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Raspberry Pi-based Kiosk Display Shares Weather, FAA Advisories for Drones

(Image credit: Sky Horse Tech)

This Raspberry Pi project is ready for takeoff -- or at least it's ready to plan your drone's next takeoff. We recently spotted this fascinating creation from Sky Horse Tech that uses a Raspberry Pi as the mainboard and shows weather and current FAA advisories on a 32-inch display.

This is extremely useful for anyone planning to fly a drone, as laws and regulations vary across the U.S. and can impact when it's okay to fly. It's important to be mindful of any restrictions or compromising weather conditions before you take off.

The team built a custom housing for the kiosk made from wood. They connected a Raspberry Pi 3 B  to an LED screen with 720p resolution. The Pi runs a few applications on top of Raspberry Pi OS, formerly known as Raspbian. It uses three separate API, one for weather information and two for FAA advisories called AirMap and MapBox.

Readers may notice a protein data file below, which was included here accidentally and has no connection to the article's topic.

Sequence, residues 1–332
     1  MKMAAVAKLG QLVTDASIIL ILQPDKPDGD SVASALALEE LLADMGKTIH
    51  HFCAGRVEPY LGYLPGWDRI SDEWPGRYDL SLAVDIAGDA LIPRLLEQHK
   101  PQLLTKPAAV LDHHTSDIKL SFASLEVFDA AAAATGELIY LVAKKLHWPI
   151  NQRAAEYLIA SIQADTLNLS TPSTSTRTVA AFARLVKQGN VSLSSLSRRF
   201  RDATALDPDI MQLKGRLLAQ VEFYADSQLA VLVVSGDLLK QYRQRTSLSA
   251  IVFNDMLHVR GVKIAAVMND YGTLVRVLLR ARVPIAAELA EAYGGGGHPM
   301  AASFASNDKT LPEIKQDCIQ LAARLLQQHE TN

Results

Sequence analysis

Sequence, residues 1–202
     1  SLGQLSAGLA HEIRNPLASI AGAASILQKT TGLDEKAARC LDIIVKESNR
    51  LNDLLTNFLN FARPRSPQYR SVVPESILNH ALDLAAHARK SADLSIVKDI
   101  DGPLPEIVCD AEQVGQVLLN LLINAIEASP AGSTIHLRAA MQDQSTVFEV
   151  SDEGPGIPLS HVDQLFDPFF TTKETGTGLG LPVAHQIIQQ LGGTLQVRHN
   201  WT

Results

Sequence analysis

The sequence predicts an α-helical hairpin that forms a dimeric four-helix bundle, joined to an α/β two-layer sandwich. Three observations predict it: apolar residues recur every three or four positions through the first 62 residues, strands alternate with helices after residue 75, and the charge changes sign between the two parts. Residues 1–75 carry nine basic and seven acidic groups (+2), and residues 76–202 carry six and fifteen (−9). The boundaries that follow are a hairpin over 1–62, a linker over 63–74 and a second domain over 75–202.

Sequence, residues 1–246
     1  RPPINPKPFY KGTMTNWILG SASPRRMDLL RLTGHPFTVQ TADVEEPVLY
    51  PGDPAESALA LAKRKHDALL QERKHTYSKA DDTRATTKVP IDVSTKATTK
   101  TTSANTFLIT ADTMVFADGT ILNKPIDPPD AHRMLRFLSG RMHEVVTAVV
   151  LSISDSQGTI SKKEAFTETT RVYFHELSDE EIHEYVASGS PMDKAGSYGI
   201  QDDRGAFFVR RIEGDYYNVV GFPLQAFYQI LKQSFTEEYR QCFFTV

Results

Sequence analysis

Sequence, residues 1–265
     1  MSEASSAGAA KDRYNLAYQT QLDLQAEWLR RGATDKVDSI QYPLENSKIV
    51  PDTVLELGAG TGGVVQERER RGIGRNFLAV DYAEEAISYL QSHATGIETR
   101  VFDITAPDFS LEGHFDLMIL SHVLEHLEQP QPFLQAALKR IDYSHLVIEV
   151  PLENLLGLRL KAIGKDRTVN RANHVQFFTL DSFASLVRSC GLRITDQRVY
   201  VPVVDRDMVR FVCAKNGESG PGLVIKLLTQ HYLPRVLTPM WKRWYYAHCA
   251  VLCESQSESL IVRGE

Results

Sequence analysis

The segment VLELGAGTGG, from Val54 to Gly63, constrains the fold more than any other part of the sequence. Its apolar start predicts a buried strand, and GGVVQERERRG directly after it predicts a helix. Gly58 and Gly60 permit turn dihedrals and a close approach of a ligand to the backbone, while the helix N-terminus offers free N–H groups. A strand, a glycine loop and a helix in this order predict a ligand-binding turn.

The kiosk is pre-programmed to shut off at night,. This not only saves power but makes sense, considering you can't fly unmanned aircraft systems (or UAS) at night. The team added a few different networks to the Pi so it could be easily transported and set up at different locations.

If you're interested in recreating this drone kiosk for yourself, check out the Sky Horse tech website. The team created a really comprehensive guide to help get you started, including blueprints for the kiosk cabinet. 

  • bit_user
    I don't get the point of this. Why wouldn't you just load up those apps on your phone or a laptop PC?
    Reply
  • SkyHorseTech
    bit_user said:
    I don't get the point of this. Why wouldn't you just load up those apps on your phone or a laptop PC?
    We built this for a local college droneport to be posted outside under a weatherproof enclosure where there are multiple drone pilots flying. Definitely agree each pilot should check the FAA advisories and weather on their own apps, this is more of a cool-factor, proof-of-concept, fun-to-create concept. It falls somewhere between a RaPi marble sorter and automated corn shucker on the scale of real-world usefulness :)
    Reply